January 16, 2012
By Kyle Novak
The recent announcement by Baltimore mayor Stephanie Rawlings-Blake that the city will no longer honor the contract with Baltimore Racing Development (BRD) marks the sign of another street race on the brink of collapse. BRD was the original promoter of the Baltimore Grand Prix and has since been marred in controversy from failure to pay bills to vendors as well as an ongoing failure to pay outstanding bills for city services and taxes. The future of the event is now far from certain. However, IndyCar and the American Le Mans Series (ALMS) still have the event on their respective calendars here and here. While a casual fan may see the recent news as disastrous to the once promising street race, this type of turmoil is nothing new. Lurking behind most street races is a financial model that simply is not sustainable for long-term success. IndyCar continues to move away from racing on ovals and is seeking to make a splash in any new market that will expand the brand. The probability of more street races being added to the schedule continues to rise. But can these events survive on such shaky ground?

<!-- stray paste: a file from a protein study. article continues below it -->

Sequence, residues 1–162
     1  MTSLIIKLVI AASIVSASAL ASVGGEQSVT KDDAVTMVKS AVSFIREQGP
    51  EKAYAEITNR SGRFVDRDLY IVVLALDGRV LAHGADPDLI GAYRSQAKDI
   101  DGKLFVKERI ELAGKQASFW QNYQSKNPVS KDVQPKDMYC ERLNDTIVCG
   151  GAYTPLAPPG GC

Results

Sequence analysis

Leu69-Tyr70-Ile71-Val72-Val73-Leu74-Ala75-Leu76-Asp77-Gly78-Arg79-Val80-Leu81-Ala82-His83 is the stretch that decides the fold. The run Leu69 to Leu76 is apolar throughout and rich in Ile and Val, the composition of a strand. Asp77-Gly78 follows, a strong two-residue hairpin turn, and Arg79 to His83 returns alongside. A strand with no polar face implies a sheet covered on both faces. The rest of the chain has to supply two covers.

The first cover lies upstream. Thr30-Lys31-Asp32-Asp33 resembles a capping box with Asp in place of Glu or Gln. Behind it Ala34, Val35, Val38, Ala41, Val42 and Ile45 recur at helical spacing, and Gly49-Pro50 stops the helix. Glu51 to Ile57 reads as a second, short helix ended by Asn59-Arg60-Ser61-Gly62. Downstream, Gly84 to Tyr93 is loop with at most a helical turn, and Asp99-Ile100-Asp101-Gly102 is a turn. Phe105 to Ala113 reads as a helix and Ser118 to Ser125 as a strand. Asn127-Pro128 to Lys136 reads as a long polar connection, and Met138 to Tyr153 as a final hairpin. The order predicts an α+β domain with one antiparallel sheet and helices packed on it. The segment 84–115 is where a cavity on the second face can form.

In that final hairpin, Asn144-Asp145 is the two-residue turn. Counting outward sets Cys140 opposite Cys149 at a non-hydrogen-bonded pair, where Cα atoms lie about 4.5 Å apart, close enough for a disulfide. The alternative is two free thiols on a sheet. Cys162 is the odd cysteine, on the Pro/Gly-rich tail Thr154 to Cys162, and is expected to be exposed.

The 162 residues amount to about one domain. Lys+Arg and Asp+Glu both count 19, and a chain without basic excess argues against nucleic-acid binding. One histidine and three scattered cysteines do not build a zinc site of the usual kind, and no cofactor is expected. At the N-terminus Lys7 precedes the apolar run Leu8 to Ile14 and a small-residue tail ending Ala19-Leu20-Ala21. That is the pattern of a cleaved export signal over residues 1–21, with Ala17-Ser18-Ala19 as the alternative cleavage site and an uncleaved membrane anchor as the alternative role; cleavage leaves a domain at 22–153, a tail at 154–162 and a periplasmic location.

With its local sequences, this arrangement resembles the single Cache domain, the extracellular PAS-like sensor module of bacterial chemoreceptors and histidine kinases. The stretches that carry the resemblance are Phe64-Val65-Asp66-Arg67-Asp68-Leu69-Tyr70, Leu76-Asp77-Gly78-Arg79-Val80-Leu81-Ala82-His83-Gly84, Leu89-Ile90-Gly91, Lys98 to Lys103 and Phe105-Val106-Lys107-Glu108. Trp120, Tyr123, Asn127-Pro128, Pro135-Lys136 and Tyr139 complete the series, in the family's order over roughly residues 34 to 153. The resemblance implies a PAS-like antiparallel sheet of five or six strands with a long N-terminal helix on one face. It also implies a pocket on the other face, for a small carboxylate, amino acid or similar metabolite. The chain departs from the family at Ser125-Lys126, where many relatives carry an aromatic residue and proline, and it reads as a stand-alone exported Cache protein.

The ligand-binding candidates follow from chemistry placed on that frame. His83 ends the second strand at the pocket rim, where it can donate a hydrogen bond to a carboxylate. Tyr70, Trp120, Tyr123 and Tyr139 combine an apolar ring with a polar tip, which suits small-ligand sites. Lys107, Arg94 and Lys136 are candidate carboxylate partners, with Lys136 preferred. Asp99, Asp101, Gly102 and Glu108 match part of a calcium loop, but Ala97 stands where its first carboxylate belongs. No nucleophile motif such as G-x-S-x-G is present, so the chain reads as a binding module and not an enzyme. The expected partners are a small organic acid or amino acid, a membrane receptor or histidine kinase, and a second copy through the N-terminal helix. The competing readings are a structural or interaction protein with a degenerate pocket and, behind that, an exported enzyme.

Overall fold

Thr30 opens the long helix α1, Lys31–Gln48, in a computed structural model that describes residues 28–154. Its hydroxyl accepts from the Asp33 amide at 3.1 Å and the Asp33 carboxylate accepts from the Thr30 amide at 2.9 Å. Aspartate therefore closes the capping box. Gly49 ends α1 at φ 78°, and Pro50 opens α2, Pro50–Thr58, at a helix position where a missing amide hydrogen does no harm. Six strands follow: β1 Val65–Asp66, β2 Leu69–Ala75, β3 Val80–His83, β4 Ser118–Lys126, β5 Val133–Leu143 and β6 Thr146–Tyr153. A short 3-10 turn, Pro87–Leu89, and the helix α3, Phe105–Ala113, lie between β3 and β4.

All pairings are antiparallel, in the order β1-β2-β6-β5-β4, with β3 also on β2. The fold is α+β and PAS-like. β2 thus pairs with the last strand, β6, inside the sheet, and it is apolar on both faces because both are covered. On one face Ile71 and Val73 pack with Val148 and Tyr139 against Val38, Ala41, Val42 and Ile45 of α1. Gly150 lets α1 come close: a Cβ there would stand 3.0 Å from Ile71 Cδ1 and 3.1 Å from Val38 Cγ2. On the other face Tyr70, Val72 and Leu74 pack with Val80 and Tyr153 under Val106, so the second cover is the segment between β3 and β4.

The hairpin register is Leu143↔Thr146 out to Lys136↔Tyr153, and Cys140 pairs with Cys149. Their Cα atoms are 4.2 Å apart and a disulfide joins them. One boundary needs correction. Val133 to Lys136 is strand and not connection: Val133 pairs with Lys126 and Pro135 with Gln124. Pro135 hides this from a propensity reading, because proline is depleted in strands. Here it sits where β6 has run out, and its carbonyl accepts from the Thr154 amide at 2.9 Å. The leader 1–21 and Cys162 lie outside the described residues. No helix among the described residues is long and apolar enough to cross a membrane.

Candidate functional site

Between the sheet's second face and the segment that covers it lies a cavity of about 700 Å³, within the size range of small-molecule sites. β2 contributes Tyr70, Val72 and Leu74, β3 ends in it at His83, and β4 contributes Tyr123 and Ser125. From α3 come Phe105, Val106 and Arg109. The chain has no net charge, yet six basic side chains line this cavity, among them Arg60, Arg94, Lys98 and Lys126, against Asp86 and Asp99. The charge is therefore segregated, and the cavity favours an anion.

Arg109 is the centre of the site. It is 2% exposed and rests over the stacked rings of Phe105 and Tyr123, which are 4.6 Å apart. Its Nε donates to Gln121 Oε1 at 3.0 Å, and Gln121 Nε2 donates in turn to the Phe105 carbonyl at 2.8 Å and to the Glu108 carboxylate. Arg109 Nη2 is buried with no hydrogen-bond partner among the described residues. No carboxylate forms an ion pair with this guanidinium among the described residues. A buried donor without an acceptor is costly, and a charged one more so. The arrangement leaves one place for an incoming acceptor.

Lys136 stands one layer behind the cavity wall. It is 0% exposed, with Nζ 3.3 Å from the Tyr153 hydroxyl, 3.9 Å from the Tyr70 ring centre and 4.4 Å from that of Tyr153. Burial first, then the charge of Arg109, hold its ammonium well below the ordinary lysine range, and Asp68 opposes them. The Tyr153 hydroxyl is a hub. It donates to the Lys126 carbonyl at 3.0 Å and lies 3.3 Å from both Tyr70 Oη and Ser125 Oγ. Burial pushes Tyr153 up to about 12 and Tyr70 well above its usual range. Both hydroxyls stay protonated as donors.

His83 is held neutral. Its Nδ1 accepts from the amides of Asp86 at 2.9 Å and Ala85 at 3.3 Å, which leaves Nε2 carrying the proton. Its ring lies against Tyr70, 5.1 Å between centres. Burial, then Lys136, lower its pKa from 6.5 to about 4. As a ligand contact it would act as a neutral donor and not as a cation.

Street races can rejuvenate a city longing for an urban renewal. The excitement of world-class race cars screaming down city streets at more than 200 miles per hour can make even the most novice motorsports fan stop and stare. The roar of racecars echoing off skyscrapers is unmatched. The excitement that builds among city residents is greater than any event that doesn’t revolve around a ball or puck. During race weekend, hotels fill, restaurants thrive, and uncanny buzz builds as a city prepares for the spotlight. Convention and visitor’s bureaus glow with the thought of their city being showcased on national TV.
While street races can be a dream for a chamber of commerce looking to shine a positive light on their city, the ability of a promoter to turn a profit in the short life span of these events (often five years or less) is next to impossible. A promoter must be profitable to guarantee long-term success of the event. To ensure profitability, a promoter must do what any other business must do – make more money than it spends. However for a new street race such as the one in Baltimore, the deck is stacked against the promoter before the first grandstand is constructed.